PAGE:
These days there are many great superheroes who rise through television programs. Robert Kirkman is the latest to join the discussion and bring another of his popular comic series to television Invincible, which debuts on Amazon Prime later this week. A coming-of-age story meets a classic superhero story. This new animated adventure has all of the twists and turns and hectic pace we’ve come to expect from Kirkman’s episodic programs.
During a press briefing earlier this month, Kirkman – along with cast members Steven Yeun, JK Simmons, Zazie Beetz, and Gillian Jacobs – spoke to journalists about the upcoming series, what it’s like to repeat your teenage years, the father-son dynamic, and more.
Invincible follows Mark Grayson (Steven Yeun), a seemingly boring 17-year-old kid. That is, until he finally inherits larger-than-life superpowers from his mega-cool father Nolan (JK Simmons), who is also known by his heroic name Omni Man. As soon as he discovers his powers, the series (a brutal one) Find Nemo meets Ironman, as father and son learn to grow together and live together as heroes. And it’s not just these two who run away and sink blows; Two entire associations fight villains in the series, one of which is made up entirely of naughty teenagers. The more heroes the better, right?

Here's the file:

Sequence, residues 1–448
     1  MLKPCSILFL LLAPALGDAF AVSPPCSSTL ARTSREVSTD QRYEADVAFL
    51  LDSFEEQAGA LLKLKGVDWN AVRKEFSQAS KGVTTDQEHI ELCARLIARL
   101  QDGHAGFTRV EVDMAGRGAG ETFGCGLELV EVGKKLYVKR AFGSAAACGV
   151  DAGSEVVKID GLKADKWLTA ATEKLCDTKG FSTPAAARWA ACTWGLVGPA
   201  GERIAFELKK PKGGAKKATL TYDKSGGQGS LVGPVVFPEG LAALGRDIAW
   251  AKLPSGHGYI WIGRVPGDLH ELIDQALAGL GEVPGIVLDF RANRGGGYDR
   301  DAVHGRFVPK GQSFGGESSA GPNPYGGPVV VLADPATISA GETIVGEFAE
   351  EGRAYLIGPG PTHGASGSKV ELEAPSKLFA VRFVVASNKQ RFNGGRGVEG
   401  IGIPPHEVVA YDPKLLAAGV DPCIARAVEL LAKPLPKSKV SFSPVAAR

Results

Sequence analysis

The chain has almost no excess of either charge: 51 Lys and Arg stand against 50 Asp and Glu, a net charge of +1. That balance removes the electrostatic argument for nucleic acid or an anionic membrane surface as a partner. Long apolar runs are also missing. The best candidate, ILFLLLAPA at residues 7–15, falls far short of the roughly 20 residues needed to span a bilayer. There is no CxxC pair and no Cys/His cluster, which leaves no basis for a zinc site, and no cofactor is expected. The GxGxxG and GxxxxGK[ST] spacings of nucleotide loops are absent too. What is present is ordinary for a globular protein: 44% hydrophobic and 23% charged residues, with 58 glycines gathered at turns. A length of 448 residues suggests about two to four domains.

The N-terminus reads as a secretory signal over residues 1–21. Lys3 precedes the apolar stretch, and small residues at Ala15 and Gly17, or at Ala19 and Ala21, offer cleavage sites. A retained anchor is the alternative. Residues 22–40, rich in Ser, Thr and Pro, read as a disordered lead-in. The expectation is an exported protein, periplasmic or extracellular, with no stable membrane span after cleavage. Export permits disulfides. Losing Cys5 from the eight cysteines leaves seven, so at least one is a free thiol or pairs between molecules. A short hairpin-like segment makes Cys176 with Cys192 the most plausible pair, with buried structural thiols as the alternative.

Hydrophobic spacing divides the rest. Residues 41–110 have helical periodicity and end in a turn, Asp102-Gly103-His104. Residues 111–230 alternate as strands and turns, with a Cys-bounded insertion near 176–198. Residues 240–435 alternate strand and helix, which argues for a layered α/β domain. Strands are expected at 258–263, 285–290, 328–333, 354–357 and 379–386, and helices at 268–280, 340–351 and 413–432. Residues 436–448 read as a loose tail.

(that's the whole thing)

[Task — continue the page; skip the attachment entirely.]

Kirkman is no stranger to adapting his own comics. He has been tailoring his post-apocalyptic for over 10 years Living Dead Book series for a hit zombie show on AMC (Invincible also contains more than a few crossover actors). He learned from experience how to breathe life into his cartoon characters, and that’s what he’s brought to this new series. “Although a lot of the same things will happen, they will happen in a very different way,” said Kirkman. “You will be surprised that we’re doing something so soon, or you will be surprised that nothing has happened because it was happening in the comic series at that point. The opportunity to play with all this stuff and to give new energy to this story, which I told before and which I worked on for many, many years, in comic form, makes the project infinitely more exciting for me. “
And get excited Invincible does. While it’s animated (which it always should be, says Kirkman, despite working with Universal on the development of a live-action feature film), there’s plenty of violence and action to entertain both fans of the comic and those who like are unfamiliar with the characters like. “I wasn’t fully prepared for this,” said JK Simmons, speaking of the brutal action on the show. “It’s intense. For me one of the aspects is – that may not be entirely unique to Invincible, but I found that surprising and unusual – it was the true feeling for the use and the consequences of violence. ”